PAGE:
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[dih-rizh-uh n] /dɪˈrɪʒ ən/
ridicule; mockery:
The inept performance elicited derision from the audience.
an object of ridicule.
Origin of derision
1350-1400; Middle English derisioun < Old French derision < Late Latin dērīsiōn- (stem of dērīsiō), equivalent to Latin dērīs(us) mocked (past participle of dērīdēre; see deride) + -iōn- -ion
Related forms
[dih-riz-uh-buh l] /dɪˈrɪz ə bəl/ (Show IPA),
nonderisible, adjective
underisible, adjective Unabridged
Based on the Random House Dictionary, © Random House, Inc. 2017.
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Examples from the Web for derision
Contemporary Examples
Historical Examples
  • Annoyed, I asked her as gently as possible, while the crowd grinned in derision: But what have you done that I should pay you?

    Vistas in Sicily Arthur Stanley Riggs
  • The English officers sneered in derision at "the fleet of whaleboats."

    America First Various
  • Though brave and high-spirited, he was very sensitive, and feared a smile of derision more than a sword-thrust.

    Captain Fracasse Theophile Gautier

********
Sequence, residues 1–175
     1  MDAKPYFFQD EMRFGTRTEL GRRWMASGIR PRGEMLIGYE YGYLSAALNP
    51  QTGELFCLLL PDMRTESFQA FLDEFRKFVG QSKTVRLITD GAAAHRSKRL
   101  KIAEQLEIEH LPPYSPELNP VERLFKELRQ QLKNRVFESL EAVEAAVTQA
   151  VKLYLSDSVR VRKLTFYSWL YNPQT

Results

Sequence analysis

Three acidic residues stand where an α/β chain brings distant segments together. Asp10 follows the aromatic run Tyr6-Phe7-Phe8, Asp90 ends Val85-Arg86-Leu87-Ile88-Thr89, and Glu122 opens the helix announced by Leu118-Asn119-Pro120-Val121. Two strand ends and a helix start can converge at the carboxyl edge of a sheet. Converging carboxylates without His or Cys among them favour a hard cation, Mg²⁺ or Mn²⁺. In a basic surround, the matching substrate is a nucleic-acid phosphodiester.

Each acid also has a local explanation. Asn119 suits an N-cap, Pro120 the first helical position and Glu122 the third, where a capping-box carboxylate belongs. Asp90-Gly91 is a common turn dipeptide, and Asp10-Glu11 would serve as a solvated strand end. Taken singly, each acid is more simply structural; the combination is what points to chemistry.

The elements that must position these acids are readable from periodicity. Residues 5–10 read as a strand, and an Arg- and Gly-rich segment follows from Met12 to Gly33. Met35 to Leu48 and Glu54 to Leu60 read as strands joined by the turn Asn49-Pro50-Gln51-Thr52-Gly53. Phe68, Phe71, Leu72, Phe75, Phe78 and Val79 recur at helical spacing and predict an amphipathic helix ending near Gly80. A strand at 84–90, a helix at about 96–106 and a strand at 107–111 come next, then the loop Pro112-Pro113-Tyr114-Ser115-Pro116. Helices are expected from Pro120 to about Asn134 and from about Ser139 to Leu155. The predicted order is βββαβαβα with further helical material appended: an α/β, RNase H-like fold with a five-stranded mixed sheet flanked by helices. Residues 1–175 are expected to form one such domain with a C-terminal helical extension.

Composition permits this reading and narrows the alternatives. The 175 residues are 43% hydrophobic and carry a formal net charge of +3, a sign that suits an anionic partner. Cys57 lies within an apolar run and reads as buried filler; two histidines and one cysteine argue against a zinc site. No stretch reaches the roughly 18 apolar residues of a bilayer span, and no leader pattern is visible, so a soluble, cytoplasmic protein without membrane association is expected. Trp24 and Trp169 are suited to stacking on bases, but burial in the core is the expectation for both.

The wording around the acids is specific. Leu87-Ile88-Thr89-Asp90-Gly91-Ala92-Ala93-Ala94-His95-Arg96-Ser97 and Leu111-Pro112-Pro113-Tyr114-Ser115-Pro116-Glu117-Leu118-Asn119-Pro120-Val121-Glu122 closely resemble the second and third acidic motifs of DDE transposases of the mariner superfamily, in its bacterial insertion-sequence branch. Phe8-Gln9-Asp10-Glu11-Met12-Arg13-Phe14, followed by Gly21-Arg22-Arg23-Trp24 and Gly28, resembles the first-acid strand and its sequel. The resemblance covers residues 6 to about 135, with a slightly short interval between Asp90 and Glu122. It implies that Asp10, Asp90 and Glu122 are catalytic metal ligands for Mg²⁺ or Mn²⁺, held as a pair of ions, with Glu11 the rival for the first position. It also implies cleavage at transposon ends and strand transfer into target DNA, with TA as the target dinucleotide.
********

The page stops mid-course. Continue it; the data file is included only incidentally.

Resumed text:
• He thought the little ones too poor-looking and turned away in derision.

    The Blue Bird for Children Georgette Leblanc
  • Brier and blossom bow to meet him In derision round his path; Gloomily the hemlocks greet him And the crow screams out in wrath.

British Dictionary definitions for derision


the act of deriding; mockery; scorn
an object of mockery or scorn
Word Origin
C15: from Late Latin dērīsiō, from Latin dērīsus; see deride
Collins English Dictionary - Complete & Unabridged 2012 Digital Edition
© William Collins Sons & Co. Ltd. 1979, 1986 © HarperCollins
Publishers 1998, 2000, 2003, 2005, 2006, 2007, 2009, 2012
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Word Origin and History for derision

c.1400, from Old French derision "derision, mockery" (13c.), from Latin derisionem (nominative derisio), noun of action from past participle stem of deridere "ridicule," from de- "down" (see de-) + ridere "to laugh."

Online Etymology Dictionary, © 2010 Douglas Harper
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